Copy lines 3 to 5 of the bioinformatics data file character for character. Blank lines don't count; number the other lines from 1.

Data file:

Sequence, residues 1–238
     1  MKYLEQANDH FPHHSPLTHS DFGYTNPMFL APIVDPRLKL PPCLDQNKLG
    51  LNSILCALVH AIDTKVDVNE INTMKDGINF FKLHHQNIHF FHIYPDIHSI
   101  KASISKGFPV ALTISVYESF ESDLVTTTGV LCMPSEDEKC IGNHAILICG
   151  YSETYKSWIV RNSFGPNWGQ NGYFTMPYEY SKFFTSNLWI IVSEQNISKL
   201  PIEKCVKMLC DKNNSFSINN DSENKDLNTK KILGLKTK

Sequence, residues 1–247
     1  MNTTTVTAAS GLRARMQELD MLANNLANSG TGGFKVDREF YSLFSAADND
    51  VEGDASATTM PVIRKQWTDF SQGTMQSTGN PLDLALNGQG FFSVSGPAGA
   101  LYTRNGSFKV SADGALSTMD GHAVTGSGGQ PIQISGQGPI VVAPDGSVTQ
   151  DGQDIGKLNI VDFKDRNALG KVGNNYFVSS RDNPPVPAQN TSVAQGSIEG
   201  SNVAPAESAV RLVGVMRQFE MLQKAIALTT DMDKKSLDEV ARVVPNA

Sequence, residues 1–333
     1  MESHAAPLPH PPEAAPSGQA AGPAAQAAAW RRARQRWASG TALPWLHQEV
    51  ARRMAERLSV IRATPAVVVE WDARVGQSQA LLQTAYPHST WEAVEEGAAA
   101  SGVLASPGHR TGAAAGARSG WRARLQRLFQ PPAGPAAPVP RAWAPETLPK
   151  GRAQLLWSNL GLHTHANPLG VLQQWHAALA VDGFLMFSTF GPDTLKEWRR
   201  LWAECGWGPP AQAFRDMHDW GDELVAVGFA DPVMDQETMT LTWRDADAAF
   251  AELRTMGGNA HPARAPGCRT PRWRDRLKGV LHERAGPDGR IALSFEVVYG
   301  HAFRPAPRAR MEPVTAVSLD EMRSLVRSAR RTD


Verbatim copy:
    51  LNSILCALVH AIDTKVDVNE INTMKDGINF FKLHHQNIHF FHIYPDIHSI
   101  KASISKGFPV ALTISVYESF ESDLVTTTGV LCMPSEDEKC IGNHAILICG
   151  YSETYKSWIV RNSFGPNWGQ NGYFTMPYEY SKFFTSNLWI IVSEQNISKL